After years of political division and stagnation, Palestinian Authority (PA) President Mahmoud Abbas has called for the first national Palestinian elections in fifteen years to be held this summer. The elections will be held in three phases, starting with PA legislative elections on May 22, followed by presidential elections and July 31, and culminating in elections for the Palestine Liberation Organization’s (PLO) long dormant parliament in exile, the Palestine National Council, on August 31. While many see the elections as an opportunity to revive Palestinian political life, others see them as a means of masking an ongoing process of political decay.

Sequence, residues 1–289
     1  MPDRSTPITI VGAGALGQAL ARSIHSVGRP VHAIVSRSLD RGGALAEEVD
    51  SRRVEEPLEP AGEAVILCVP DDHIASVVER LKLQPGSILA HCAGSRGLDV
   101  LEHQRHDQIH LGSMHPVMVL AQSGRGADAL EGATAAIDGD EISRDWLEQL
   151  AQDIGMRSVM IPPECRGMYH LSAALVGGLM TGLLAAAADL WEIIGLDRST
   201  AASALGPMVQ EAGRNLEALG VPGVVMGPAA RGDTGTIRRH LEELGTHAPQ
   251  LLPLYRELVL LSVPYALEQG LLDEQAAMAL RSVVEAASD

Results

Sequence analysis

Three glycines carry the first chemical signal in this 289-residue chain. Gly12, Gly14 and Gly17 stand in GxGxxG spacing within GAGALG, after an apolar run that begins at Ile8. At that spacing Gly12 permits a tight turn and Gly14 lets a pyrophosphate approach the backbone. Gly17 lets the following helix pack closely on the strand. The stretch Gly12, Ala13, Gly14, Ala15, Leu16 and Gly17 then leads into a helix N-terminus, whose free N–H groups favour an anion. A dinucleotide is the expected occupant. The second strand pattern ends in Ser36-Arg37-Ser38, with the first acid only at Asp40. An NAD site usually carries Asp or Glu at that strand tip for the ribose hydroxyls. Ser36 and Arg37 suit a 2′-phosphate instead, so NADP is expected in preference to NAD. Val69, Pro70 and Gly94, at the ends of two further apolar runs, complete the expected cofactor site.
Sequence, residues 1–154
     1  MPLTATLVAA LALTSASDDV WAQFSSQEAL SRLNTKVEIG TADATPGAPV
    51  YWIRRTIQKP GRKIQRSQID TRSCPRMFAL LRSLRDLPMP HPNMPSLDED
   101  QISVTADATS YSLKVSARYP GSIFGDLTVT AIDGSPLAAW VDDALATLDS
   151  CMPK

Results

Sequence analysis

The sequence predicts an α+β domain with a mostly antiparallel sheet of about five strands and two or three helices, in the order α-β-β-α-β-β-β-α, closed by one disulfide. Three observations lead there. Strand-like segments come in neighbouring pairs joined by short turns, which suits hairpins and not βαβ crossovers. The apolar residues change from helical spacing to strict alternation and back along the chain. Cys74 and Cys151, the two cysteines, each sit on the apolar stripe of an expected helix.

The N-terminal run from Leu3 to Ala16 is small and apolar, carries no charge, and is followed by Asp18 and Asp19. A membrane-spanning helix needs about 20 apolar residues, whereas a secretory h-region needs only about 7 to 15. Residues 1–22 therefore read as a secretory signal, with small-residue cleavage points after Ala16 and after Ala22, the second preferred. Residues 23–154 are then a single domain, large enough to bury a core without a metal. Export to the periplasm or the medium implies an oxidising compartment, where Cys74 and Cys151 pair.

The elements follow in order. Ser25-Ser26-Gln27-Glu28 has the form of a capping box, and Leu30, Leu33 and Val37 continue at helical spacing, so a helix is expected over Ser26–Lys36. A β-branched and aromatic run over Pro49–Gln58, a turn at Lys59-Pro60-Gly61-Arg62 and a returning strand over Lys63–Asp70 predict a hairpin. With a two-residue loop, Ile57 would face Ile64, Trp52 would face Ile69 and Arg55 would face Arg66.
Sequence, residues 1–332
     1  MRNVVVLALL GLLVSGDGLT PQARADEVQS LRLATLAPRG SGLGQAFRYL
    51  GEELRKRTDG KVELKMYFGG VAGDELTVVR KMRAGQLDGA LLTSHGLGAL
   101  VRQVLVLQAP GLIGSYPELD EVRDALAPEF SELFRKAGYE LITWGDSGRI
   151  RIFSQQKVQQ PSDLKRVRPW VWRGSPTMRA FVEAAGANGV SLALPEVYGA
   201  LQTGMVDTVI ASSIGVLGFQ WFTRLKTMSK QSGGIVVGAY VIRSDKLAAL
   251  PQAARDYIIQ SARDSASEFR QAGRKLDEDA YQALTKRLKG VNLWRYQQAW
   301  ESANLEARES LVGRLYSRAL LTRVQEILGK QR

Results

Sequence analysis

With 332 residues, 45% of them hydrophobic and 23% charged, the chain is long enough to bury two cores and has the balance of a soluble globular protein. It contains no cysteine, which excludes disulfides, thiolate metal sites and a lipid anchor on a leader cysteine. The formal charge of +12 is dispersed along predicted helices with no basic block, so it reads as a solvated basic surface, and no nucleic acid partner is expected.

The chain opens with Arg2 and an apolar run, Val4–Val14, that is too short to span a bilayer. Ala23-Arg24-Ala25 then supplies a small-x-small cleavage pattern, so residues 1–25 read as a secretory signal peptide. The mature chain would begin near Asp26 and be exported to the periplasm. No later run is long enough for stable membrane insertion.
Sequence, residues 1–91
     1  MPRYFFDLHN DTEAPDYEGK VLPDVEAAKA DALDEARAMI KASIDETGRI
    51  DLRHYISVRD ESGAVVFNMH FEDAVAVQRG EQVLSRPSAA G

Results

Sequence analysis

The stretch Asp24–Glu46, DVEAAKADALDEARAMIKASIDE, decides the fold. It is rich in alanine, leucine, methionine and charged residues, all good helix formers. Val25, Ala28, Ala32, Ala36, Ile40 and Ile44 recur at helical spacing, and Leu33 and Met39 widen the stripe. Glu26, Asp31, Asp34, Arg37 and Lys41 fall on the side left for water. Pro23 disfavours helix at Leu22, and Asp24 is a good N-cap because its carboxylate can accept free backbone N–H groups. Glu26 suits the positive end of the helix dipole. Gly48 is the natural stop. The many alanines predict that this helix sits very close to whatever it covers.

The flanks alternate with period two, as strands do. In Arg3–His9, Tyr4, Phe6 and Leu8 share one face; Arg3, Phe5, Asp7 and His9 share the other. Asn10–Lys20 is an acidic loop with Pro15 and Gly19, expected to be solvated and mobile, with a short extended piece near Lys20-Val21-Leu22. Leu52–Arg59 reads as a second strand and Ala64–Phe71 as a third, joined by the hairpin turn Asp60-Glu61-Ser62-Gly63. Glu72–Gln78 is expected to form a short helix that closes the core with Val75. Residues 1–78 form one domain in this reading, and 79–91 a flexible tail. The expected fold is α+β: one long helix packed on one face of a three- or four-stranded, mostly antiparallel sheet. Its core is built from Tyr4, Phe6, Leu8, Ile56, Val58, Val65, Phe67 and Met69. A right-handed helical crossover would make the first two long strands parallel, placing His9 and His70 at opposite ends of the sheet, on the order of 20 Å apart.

What are the internal and external obstacles to holding planned Palestinian elections? If and when elections do take place, will they be enough to revive Palestinian institutional politics and the Palestinian national project? Will elections help or hinder prospects for internal reconciliation between Fateh and Hamas? How will the international community respond to the elections, particularly in the event of Hamas’s participation in a future government?
Professor, Political Science and International Affairs, George Washington University; non-resident senior fellow, Carnegie Endowment for International Peace
Multimedia journalist based in the West Bank and Washington, DC
Senior campaigner, Avaaz; Popular Struggle community organizer; policy member, Al-Shabaka
Khaled Elgindy, moderator
Senior fellow and director, Program on Palestine and Palestinian-Israeli Affairs, MEI
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